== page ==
Marnie's Crewel Studio is a closely held corporation of which Marnette Ritter is a director. Her father, Fred Beck, and her daughter, Barrett Miller, are also directors of, and her husband an officer of, the company. Marnie's Crewel Studio bought 100 shares of Celestial stock in the secondary market on September 10, 1993 at $29.75 per share. Marnette Ritter caused the corporation to buy the shares because she could not afford to do so. In December, 1993, the company bought an additional 50 shares, again in the secondary market, at $24 per share.
B. Procedural History.
On May 5, 1995, Schwartz filed a Class Action Complaint on behalf of himself and similarly situated purchasers of Celestial stock claiming that Celestial, despite knowingly or recklessly disregarding the fact that the Perrier Agreement was an illusion, made statements which misled investors to conclude that the agreement would enable it to use Perrier's resources to sell its new iced tea products. He sought damages claiming (1) primary liability for direct violations of § 11 of the Securities Act of 1993 and § 10(b) of the Securities and Exchange Act of 1934 (including Securities and Exchange Commission Rule 10b-5 promulgated thereunder); and (2) secondary liability of " control persons" for violations of § 15 of the 1933 Act and § 20 of the 1934 Act. See Securities Act of 1933, ch. 38, 48 Stat. 74 (codified as amended at 15 U.S.C. §§ 77a-77aa); Securities Exchange Act of 1934, ch. 404, 48 Stat. 881 (codified as amended at 15 U.S.C. §§ 78a-78mm).
On November 6, 1995, I granted Defendants' motions to dismiss for failure to satisfy the particularized pleading requirements of Fed.R.Civ.P. 9(b), and allowed Schwartz an opportunity to replead. See Schwartz v. Celestial Seasonings, Inc., 904 F.Supp. 1191, 1201 (D.Colo.1995). When he elected not to amend the complaint, I dismissed the case in its entirety. Schwartz appealed to the United States Court of Appeals for the Tenth Circuit. On September 5, 1997 the appeals court reversed the judgment for Defendants and remanded to this court for further proceedings. See Schwartz v. Celestial Seasonings, Inc., 124 F.3d 1246, 1255 (10th Cir.1997).1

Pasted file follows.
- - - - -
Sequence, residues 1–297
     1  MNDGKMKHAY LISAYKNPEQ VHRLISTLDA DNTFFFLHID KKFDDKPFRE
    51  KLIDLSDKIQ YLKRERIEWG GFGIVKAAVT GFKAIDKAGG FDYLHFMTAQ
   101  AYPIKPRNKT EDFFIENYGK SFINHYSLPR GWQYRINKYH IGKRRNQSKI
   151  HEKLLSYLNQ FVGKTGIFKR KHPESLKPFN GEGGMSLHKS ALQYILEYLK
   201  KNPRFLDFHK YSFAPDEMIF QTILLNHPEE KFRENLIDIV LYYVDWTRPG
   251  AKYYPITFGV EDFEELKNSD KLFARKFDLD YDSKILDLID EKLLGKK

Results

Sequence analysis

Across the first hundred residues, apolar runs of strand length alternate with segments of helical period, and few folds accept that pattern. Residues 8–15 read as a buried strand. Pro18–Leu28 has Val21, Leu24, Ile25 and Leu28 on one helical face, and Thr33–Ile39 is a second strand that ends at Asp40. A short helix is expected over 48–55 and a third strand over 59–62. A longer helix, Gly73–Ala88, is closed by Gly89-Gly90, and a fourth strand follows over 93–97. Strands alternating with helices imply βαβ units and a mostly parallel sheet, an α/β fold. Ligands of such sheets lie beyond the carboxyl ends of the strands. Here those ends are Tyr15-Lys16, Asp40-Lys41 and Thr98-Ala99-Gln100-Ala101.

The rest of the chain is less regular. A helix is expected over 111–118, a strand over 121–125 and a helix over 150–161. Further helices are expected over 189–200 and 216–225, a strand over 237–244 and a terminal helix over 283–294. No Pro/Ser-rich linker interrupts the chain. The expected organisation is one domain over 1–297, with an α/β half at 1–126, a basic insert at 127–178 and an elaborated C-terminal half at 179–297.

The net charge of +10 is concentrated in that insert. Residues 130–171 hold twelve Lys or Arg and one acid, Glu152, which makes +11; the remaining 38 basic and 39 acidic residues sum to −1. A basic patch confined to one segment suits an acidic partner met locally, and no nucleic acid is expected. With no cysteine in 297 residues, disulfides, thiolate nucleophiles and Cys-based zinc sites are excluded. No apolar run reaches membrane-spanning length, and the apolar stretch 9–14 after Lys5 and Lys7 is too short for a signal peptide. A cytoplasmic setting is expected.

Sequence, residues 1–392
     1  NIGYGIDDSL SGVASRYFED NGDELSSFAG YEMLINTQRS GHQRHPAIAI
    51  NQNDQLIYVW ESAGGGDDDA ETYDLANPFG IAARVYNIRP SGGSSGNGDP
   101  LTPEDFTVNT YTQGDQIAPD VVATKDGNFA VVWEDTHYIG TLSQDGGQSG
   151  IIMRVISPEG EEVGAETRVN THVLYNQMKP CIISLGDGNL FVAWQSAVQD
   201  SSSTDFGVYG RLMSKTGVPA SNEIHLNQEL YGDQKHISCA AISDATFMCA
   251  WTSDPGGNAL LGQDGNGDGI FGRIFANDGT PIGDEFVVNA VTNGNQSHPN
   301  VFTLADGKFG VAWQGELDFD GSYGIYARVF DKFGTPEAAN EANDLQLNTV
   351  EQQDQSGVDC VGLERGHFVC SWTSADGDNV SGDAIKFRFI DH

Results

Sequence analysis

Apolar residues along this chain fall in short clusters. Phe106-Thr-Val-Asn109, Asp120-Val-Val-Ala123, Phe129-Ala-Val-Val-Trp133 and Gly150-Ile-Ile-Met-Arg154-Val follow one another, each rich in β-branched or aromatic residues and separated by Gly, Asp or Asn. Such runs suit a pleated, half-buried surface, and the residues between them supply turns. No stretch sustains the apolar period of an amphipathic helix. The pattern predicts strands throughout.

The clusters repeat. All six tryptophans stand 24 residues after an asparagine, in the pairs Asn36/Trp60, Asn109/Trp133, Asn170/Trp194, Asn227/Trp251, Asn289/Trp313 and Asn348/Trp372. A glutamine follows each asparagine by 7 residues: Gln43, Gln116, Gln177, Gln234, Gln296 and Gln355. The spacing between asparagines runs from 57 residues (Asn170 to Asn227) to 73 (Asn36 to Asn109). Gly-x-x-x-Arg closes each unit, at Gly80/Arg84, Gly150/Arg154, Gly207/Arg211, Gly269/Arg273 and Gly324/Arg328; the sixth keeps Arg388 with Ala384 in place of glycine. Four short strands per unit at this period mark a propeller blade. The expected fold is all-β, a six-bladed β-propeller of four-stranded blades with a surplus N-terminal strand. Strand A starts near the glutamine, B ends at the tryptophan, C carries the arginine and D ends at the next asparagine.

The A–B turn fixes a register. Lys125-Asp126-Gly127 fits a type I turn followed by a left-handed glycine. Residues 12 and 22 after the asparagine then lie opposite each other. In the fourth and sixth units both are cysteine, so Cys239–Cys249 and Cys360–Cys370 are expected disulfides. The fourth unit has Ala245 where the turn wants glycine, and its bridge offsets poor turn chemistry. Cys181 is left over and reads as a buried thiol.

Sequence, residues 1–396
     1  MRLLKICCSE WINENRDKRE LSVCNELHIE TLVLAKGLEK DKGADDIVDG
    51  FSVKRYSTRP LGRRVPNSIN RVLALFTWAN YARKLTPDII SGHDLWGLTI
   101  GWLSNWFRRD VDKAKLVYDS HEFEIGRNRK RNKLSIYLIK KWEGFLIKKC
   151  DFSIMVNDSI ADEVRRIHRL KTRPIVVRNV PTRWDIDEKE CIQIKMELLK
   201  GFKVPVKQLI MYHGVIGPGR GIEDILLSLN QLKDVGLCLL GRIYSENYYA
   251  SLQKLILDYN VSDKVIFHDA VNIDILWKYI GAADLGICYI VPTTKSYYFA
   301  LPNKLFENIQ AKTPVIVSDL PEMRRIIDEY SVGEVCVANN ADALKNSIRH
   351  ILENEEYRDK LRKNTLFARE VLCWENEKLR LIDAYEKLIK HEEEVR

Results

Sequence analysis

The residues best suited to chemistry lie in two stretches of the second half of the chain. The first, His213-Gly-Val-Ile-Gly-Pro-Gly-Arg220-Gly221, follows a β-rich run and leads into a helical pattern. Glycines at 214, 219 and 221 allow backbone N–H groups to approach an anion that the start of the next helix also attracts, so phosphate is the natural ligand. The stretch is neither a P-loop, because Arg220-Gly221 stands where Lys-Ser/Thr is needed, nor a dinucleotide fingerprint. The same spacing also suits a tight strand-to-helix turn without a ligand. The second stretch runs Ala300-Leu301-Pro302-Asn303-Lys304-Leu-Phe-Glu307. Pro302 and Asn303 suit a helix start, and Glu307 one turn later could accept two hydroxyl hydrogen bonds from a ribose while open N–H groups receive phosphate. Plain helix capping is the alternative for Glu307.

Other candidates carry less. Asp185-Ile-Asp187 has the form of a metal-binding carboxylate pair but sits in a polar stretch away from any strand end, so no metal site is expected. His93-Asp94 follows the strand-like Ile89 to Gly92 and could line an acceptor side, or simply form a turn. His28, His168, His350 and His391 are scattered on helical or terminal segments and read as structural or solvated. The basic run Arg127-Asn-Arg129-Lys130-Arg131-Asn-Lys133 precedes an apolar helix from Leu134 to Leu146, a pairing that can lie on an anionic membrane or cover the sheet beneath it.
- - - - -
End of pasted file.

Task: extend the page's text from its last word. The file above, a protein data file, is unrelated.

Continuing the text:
On October 15, 1997, Schwartz filed Plaintiff's Motion for Class Certification and Appointment of Lead Counsel, On October 27, 1997, the Celestial Defendants and the Underwriter Defendants filed motions to dismiss the complaint for failure to state a claim under Fed.R.Civ.P. 12(b)(6). On November 4, 1997, I granted the motions to intervene as plaintiffs filed by Marnette Ritter (misspelled as " Ridder" ) and Marnie's Crewel Studio. I heard oral argument on Plaintiffs' motion for class certification and Defendants' motions to dismiss.
II. Plaintiffs' Motion for Class Certification and Appointment of Lead Counsel.
A. Requirements of Rule 23 .
Plaintiffs seek certification of a class comprising " all persons who purchased Celestial's common stock during the period from July 12, 1993, through and including May 18, 1994.... [excluding] defendants, members of their immediate families, their heirs, successors and assigns, and any subsidiary or affiliate of any defendant." (Compl. ¶ 26.)
Rule 23 of the Federal Rules of Civil Procedure delineates the factors to be considered
in determining the propriety of a class action. Cook v. Rockwell Int'l Corp., 151 F.R.D. 378, 380 (D.Colo.1993). Whether a class may be certified is in the discretion of the court. Id. " ‘ [A]n inquiry into the merits of the claims of the representative or the class is inappropriate when making the decision whether the action should be certified under Rule 23.’ " Id. at 381 (quoting 7A Charles A. Wright et al., Federal Practice and Procedure § 1759 at 99 (1986)). In determining whether the requirements of Rule 23 have been met, however, it is often necessary to analyze the substantive claims and defenses of the parties and the essential elements of those claims and defenses. Cook, 151 F.R.D. at 381.
In general, class actions are favored in securities fraud actions involving numerous plaintiffs. In re Storage Tech. Corp. Securities Litigation, 113 F.R.D. 113, 115 (D.Colo.1986). Certification is not irreversible and may be altered or amended before the decision on the merits. Fed.R.Civ.P. 23(c)(1). This power to change the class certification decision has encouraged many courts to be quite liberal in certifying a class when that decision is made at an early stage, noting that the action always can be decertified or the class description altered if later events suggest it is appropriate to do so. Esplin v. Hirschi,...